Atlantic Ocean, the Tenebrous Sea
In ancient times Western world just ends where the Pillars of Hercules stood, the Gibraltar Strait. Beyond, indeed, there were more waters but to go anywhere, as was believed they were poured down into the void. That was the reason that for years, centuries, the Atlantic Ocean was known as the Tenebrous Sea.
The name would be borrowed later from the Titan Atlas, owner of the columns of Heracles or Hercules, which marked the bounds of the known world. Beyond there would be nothing but huge sea monsters that would be yet living in future fears and even on sea charts. The first expedition known was led by King Hanno, five or six centuries before our era, who sailed from Carthage with sixty ships crossing the strait to follow sailing near the African coast founding the colonies of Thymiaterion, Cariconticos, Gite, Acra, Melita and Arambis. According to some historians probably they not cross the Draa River, roughly in front of the Canary Islands. The Periplus was transcribed in the Punic language on a sandstone tablet.
Quoted by Avienus in Ora Maritima, Himilcon was another Carthaginian navigator, ventured into Western Europe coasts, probably reaching the British coast after crossing the Iberian Peninsula and France: The beasts swim wildly through all the sea and intense panic dwells in these waters because of the monsters. The Carthaginian Himilcon spoke in past times that he had contemplated and tested personally on the ocean surface.
The Greeks associated to the ocean the myth of Atlantis and the Atlanteans, the people who have mastered the known world until its collapse because of some colossal cataclysm and against those they would have faced in the war. The texts of Plato in the Timaeus and Critias Dialogues say that was one of the seven sages, Solon, whom an Egyptian priest of Sais showed the slab stones where was written the history the lost civilization. Plato placed it beyond the Pillars of Hercules: Then you could go through that sea, for it had an island in front of the mouth that you call columns of Heracles. The island was larger than Libya and Asia put together, and since it was possible for those traveling at that time access to the other islands. From them you could spend the whole continent which is just opposite and surrounded the true ocean.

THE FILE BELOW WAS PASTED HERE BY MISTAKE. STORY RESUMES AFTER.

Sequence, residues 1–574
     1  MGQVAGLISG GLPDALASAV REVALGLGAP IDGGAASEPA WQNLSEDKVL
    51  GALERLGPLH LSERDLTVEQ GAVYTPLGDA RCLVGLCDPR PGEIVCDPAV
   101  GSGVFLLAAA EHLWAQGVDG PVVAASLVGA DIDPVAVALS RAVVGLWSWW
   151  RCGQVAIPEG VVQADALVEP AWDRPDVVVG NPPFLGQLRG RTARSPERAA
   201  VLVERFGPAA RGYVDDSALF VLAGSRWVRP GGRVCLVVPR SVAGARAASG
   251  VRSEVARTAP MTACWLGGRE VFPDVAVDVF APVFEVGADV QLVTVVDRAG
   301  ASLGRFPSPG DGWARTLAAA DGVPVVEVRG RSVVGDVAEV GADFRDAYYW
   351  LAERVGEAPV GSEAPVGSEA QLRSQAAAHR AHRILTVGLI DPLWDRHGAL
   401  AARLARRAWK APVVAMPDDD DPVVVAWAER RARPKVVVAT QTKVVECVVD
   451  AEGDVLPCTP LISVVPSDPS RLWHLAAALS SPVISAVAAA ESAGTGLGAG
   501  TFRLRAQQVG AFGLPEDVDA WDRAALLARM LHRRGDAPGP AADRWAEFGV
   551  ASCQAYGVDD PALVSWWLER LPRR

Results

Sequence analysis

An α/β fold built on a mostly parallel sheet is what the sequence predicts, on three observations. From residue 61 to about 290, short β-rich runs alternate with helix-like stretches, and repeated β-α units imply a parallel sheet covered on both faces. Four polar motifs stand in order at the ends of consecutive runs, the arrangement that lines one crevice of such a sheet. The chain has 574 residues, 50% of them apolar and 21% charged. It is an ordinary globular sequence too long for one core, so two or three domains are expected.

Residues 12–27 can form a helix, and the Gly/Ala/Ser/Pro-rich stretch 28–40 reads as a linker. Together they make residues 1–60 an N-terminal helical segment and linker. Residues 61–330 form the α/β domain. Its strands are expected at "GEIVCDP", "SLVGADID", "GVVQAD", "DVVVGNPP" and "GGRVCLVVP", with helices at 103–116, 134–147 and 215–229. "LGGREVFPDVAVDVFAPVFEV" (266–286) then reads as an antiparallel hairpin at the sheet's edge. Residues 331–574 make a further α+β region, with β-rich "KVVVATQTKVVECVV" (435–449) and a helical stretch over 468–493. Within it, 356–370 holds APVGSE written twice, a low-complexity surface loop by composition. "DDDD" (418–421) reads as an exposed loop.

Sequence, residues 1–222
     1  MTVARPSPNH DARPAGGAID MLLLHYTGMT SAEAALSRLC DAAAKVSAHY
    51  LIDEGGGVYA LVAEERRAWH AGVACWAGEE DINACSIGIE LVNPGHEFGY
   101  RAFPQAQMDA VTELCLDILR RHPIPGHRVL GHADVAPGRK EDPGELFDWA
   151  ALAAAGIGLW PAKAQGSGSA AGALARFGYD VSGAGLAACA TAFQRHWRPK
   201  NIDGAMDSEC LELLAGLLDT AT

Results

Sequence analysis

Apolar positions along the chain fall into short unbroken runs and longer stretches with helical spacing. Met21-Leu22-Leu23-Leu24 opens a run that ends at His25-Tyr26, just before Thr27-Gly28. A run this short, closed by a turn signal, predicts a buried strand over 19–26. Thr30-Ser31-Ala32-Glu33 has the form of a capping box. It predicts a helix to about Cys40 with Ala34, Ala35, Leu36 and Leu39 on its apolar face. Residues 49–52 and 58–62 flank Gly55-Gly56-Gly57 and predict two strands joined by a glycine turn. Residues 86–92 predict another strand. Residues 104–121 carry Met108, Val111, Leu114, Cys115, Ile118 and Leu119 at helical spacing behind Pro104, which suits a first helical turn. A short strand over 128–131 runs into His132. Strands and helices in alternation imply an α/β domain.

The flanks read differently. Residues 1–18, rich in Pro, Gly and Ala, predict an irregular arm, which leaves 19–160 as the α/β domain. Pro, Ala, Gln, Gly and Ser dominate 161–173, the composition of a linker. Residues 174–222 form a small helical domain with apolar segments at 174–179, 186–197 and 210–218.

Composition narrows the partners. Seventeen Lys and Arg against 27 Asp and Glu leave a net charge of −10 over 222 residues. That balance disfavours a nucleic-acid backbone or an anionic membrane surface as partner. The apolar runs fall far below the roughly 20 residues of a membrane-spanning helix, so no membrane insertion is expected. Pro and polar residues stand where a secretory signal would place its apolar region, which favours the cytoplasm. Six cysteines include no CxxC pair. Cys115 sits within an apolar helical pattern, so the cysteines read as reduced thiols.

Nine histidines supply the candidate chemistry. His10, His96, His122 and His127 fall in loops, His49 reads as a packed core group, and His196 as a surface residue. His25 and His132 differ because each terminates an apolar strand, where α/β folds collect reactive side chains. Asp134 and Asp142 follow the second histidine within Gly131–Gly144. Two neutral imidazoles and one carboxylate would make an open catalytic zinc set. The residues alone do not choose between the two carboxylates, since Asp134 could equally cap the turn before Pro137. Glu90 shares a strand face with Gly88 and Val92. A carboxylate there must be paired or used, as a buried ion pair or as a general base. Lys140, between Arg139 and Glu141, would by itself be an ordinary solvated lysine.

Other Greek and Roman authors, from Strabo, Posidonius and Plutarch quote the Atlantis descriptions by Plato; others understand it as an allegory. Pliny the Elder mentioned again its location in Book VI of his Naturalis Historia: in extrema Mauretania contra montem Atlantem a terra stadia VIII abesse prodidit Cernen, Nepos Cornelius ex adverso maxime Carthaginis a continente p. M, non ampliorem circuitu II. traditur et alia insula contra montem Atlantem, et ipsa Atlantis appellata. Currently we tend to believe that the legend of Atlantis may have more to do with the disaster of the volcano of Thera, Santorini, in the Aegean and the collapse of the Minoan civilization in Crete and the Cyclades.
Also Pliny, in Book II, wrote that Rome already sailed in the waters of the ocean, beyond the Strait to steer their ships to the western coasts of the Iberian peninsula, Gaul and even the British Isles: A Gadibus columnisque Herculis Hispaniae et Galliarum circuitu totus hodie navigatur occidens. septentrionalis vero oceanus maiore ex parte navigatus est, auspiciis Divi Augusti Germaniam classe circumvecta ad Cimbrorum promunturium et inde inmenso mari prospecto aut fama cognito Scythicam ad plagam et umore nimio rigentia. propter quod minime verisimile est illic maria deficere, ubi umoris vis superet. (Today, from Cádiz and the Pillars of Hercules can navigate around the Western Ocean, around Hispania and Gaul. The North Ocean was sailed mostly under the auspices of the Emperor Augustus. A fleet skirted all coast of Germania to the promontory of the Cimbri, then saw a huge sea, or know of reports, which extends to the beaches of Scythia sea, and frozen with moisture lands. It is therefore unlikely that the sea ends where it is more humid.)